Firefighters work hard to defend structures from Hayden Pass Fire
Jun 16, 2016 10:00 PM
Jun 16, 2016 10:00 PM
FREMONT COUNTY -
Fire crews are finally making forward progress in management of the Hayden Pass Fire burning in Fremont County, as they reached 20 percent containment Saturday.
The newest section of containment came on the east side of the fire near Fox Creek and Mozier Creek, largely because of air tanker drops and a lot of hard work by the 800 plus firefighters on the ground.
Defensive efforts continued in the meantime, particularly on the north and west side of the fire near Cutty's Resort. News 5 crew got an up close look at their work Saturday, when weather conditions made firefighting that much more of a challenge.
"Red flag today, so we're real worried and stepping up our defenses," Firefighter Dan Baker said.
At Cutty's Resort, their best defense was an elaborate sprinkler system. Firefighters spent days putting it in to be sure it was exactly right, because if not, they would have to do it all over again.
"Double the work. Not only that, but you put these structures at risk if we don't do it right the first time. We have to lay it down, check it, re-check it," a firefighter said.
Firefighting efforts have been successful so far, but keeping them going has not been easy. When asked what their biggest challenge was, Baker was quick to respond: "Water supply. The hot shots are taking care of fire itself, we're just protecting the structures," and even that takes a lot of work. "14 to 16 hour days. We're just hanging tight," he said.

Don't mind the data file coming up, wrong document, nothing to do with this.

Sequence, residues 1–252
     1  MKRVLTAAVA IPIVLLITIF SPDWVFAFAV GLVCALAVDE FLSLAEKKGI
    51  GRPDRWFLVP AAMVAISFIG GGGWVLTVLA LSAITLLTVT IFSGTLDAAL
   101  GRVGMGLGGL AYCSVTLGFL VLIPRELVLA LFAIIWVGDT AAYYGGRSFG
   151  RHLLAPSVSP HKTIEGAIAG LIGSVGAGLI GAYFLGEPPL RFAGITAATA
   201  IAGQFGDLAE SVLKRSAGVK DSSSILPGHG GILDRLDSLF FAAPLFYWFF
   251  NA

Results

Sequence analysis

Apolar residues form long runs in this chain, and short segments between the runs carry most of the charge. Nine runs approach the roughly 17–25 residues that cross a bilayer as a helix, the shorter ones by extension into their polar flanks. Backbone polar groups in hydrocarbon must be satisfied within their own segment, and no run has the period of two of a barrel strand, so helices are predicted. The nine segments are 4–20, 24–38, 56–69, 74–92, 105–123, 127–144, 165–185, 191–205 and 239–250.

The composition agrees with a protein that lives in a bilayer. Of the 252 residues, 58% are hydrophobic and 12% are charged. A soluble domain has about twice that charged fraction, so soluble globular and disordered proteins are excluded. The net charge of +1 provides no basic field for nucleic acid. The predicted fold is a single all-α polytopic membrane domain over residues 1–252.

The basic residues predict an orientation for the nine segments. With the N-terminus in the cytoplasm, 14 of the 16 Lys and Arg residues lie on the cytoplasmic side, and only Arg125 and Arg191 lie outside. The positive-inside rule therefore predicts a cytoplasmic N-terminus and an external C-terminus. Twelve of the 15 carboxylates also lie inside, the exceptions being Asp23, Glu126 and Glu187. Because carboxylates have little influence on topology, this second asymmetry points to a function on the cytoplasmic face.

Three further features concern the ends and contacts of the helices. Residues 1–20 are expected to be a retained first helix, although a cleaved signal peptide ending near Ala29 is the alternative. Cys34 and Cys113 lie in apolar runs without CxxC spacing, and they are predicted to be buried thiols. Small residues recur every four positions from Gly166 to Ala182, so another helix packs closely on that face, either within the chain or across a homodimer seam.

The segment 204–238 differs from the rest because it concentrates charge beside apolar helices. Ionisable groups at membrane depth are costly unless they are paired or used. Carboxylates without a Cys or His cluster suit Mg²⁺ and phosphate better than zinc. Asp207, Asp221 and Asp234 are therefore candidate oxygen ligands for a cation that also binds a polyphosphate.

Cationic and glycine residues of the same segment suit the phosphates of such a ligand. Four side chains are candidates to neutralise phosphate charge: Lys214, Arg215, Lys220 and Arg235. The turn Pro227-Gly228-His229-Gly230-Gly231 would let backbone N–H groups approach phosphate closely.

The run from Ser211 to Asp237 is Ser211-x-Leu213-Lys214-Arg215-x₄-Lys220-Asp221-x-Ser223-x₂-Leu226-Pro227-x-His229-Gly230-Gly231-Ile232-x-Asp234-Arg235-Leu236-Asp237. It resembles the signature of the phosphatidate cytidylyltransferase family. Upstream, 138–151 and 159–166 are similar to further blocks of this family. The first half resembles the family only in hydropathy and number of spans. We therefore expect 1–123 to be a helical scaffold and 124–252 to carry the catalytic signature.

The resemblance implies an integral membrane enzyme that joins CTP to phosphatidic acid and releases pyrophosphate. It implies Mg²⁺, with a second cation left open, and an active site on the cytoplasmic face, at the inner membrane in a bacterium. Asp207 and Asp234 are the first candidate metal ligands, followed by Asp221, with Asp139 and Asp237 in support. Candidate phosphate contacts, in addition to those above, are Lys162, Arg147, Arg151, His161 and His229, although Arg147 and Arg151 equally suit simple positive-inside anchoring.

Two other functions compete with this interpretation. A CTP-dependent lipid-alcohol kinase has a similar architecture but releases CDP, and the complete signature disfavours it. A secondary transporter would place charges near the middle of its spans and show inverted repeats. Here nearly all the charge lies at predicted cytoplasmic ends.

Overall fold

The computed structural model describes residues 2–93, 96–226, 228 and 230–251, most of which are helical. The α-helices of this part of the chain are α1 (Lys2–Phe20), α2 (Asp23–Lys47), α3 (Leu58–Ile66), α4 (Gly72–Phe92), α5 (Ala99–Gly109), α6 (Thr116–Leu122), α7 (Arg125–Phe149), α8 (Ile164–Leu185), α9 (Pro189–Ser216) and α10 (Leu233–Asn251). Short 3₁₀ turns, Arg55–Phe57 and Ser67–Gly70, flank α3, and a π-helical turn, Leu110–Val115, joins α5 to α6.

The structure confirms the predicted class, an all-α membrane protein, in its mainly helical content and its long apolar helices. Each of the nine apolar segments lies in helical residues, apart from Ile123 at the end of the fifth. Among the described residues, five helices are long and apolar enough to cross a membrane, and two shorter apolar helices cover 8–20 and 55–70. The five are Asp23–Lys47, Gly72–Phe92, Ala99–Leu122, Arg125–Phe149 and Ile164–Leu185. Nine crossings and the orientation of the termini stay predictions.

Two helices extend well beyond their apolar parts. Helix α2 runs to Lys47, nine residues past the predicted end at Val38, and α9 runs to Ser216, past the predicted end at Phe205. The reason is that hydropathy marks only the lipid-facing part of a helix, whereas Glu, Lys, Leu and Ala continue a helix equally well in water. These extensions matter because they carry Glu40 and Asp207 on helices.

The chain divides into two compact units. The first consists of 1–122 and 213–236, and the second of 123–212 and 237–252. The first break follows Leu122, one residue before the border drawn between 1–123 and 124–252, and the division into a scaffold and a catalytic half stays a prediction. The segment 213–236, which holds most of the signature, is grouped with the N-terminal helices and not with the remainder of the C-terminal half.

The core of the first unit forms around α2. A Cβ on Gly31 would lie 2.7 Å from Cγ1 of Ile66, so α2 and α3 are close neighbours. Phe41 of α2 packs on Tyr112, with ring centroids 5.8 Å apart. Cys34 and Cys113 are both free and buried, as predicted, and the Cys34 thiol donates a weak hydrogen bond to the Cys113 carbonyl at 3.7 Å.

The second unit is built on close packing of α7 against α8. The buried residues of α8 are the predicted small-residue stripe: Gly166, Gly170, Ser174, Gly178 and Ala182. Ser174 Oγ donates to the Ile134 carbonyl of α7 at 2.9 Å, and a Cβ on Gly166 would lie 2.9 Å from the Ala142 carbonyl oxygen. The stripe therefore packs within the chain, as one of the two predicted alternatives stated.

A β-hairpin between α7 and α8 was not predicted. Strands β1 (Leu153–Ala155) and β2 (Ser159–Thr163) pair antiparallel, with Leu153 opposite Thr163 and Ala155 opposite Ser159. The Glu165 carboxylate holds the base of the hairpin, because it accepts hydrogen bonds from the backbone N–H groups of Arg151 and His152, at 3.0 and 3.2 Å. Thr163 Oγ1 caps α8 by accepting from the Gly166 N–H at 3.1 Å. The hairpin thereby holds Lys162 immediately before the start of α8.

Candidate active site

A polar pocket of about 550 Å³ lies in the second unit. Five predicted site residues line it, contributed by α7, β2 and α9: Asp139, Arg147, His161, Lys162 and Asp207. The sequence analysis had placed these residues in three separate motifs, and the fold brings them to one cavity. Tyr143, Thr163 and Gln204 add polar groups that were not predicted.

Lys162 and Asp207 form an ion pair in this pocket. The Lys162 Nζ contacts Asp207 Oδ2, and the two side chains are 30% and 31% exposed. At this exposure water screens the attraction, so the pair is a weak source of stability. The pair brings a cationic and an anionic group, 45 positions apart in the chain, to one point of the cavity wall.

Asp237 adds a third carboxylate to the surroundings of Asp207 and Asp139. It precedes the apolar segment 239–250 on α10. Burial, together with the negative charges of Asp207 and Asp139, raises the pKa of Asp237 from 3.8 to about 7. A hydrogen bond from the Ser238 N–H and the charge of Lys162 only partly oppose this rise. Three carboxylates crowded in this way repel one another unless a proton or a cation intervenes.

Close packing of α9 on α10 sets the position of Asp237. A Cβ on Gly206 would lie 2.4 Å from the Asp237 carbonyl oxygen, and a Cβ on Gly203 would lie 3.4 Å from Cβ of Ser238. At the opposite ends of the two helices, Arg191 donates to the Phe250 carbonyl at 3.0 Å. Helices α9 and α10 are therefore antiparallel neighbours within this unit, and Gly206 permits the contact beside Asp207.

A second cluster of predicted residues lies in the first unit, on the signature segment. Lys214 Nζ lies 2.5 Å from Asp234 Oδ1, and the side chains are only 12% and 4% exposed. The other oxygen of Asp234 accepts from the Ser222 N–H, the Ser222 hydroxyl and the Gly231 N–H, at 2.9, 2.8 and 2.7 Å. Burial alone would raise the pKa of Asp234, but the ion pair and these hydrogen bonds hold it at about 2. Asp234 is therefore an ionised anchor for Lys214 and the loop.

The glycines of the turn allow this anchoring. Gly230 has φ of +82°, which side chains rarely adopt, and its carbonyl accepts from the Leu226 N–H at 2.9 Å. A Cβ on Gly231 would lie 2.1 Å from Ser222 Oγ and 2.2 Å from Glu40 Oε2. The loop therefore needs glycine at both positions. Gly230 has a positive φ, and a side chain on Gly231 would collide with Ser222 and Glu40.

Defending Cutty's Resort and other homes is a top priority. Outside of Cutty's Resort, firefighters cut down a lot of trees and brush to make fire lines. "Probably 500 to 1000 small trees," a firefighter said.
"This is a real critical area because if the fire were to scoot to the north, then we get winds that could catch us from the backdoor. We're not going to let that happen," incident commander Jay Esperance said.
Work put in by firefighters over the past week certainly hasn't gone unnoticed. Many residents have expressed gratitude, and even some of the firefighters themselves said they are impressed by their success.
"I'm blown away. Watching it go from such a small thing with a fire on the hill to this huge operation we got going on with divisions, sections, tactical forces, dozer lines," a firefighter said. "It's powerful to watch."